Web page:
COVID-19 highlights important role of hospital chaplains

Posted at 6:53 PM, May 13, 2020
and last updated 2020-05-13 19:53:53-04

OMAHA, Neb. (KMTV) — It's a role that's helpful for patients and their families during the toughest of times. Hospital chaplains provide a full range of support needed during this pandemic. But how has COVID-19 changed things for them? Like many others, they're turning to technology.

"We try to be emotionally and spiritually present for all the patients and families and support them that way," said David Sweeney, Staff Chaplain Lead at Nebraska Medicine. "We don't think everybody is religious, but I believe everybody is spiritual.”

Sweeney has seen first hand the impact this pandemic is having, including a COVID-19 related death on Tuesday.

"I couldn't go in the room but the gentlemen who died his wife in there with him," said Sweeney.

Usually, Sweeney would be in the room during moments like that, but coronavirus visitation policies have changed things. So chaplains are turning to technology to get in touch with COVID-19 patients either through video chats or phone calls.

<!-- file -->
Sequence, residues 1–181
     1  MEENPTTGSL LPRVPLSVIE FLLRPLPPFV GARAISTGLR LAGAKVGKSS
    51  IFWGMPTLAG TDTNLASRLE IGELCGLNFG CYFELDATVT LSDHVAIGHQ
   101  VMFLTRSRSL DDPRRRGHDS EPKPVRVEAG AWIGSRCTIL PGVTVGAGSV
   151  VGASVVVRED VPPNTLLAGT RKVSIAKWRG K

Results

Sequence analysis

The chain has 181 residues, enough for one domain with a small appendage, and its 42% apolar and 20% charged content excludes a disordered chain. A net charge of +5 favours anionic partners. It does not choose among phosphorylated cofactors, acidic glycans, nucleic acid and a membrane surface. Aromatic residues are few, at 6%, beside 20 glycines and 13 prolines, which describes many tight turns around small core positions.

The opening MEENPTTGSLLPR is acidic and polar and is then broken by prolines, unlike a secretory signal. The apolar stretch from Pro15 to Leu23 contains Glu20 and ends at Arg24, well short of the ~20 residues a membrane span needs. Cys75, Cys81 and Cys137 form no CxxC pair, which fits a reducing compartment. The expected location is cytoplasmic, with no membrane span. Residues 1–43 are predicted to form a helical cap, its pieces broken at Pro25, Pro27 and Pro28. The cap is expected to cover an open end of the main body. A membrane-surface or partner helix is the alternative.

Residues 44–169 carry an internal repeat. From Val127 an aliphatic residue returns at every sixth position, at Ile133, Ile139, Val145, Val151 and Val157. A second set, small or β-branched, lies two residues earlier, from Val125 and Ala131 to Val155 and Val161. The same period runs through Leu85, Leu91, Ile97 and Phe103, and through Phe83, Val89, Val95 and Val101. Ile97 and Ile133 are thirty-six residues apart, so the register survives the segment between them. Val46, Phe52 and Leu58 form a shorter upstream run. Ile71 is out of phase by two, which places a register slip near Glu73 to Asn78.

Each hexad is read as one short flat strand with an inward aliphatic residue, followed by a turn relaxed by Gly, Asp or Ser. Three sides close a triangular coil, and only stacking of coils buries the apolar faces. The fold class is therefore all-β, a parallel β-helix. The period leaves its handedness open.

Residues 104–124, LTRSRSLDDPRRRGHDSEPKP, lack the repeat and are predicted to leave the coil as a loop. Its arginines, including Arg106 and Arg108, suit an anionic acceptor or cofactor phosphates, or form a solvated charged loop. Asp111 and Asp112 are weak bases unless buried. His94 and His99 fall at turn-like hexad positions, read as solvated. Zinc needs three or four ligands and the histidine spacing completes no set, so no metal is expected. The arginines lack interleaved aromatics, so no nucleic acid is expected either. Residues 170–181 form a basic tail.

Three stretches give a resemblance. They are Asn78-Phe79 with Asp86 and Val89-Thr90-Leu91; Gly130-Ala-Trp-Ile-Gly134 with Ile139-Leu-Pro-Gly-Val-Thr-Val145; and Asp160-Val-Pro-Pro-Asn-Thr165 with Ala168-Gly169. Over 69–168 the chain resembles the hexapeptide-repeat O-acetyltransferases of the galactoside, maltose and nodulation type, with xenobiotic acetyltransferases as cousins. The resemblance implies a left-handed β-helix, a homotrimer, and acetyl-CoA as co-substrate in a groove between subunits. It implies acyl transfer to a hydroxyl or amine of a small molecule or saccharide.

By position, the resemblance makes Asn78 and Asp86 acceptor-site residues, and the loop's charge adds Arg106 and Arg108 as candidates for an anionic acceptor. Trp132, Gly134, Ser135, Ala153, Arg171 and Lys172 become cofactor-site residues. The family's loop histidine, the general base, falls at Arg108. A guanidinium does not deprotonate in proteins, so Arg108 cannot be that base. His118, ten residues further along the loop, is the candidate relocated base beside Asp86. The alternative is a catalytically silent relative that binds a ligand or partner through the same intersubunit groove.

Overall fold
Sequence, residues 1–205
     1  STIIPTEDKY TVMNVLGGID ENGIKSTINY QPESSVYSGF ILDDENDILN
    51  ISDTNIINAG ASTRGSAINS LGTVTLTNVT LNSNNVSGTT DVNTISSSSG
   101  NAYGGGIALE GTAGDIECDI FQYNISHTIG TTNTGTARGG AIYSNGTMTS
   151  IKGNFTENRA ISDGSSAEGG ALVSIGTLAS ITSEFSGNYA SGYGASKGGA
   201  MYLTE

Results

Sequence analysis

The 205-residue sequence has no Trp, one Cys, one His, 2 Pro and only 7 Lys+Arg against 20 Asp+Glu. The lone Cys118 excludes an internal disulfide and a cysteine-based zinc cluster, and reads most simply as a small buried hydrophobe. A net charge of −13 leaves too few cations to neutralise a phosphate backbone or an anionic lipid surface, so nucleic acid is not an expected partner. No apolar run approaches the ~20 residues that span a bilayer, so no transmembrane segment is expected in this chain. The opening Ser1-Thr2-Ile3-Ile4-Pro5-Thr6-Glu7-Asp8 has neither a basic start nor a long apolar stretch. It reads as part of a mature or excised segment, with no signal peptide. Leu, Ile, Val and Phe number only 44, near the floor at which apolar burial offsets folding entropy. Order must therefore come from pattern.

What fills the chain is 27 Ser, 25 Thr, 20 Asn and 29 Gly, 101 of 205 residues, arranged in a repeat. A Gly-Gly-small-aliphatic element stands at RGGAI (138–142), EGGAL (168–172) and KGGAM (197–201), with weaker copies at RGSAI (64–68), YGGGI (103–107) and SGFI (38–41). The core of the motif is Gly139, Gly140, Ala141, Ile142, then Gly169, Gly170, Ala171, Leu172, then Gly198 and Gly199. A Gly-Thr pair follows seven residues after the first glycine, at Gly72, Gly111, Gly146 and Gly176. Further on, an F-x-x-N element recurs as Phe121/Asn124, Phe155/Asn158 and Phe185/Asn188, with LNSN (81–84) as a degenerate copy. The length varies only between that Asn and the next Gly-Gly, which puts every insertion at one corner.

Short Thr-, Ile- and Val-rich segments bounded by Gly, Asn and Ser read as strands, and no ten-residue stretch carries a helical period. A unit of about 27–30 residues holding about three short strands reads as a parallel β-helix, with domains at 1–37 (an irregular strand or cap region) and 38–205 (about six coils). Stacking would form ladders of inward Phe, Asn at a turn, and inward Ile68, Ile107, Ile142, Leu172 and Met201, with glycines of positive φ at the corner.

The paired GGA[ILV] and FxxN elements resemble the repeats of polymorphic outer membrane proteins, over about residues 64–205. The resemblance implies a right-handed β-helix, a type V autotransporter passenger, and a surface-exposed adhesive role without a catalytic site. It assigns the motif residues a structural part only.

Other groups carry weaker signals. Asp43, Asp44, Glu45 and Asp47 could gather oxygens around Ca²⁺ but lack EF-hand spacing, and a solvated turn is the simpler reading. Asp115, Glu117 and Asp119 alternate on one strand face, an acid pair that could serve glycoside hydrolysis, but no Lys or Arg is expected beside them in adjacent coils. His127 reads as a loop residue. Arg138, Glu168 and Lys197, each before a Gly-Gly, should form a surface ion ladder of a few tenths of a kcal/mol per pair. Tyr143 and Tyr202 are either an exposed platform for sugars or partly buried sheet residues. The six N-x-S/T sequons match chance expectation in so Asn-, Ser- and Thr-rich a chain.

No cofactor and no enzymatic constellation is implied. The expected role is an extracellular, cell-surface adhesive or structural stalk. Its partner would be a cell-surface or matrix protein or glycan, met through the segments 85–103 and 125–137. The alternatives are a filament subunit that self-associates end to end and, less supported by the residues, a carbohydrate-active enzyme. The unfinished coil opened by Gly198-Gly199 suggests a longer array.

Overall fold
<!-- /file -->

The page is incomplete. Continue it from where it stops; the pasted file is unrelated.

"There's still a lot we can do in terms of listening and talking and processing what's going on with patients' lives," said Patrick Miron, Pastoral Care Manager at Madonna Rehabilitation Hospital in Omaha.

Miron says chaplains have also stepped up in talking with staff. "Just asking them how they're doing checking in, listening, just a lot of times being available.”

That support is greatly needed because since Sweeney couldn't be in that COVID-19 patient's room, nurses and staff stepped up.

"They were not only doing their job for the patient, but they were immense emotional support for the poor wife who's in there alone," said Sweeney.

Sweeney and Miron agree, either through technology or in person, with patients or staff, they're glad to be helping out.

"Especially in those places which are hot spots, people are really stressed and try and understand how these things can happen and relying on their faith to help them find the strength and courage to care for these people in need," said Miron.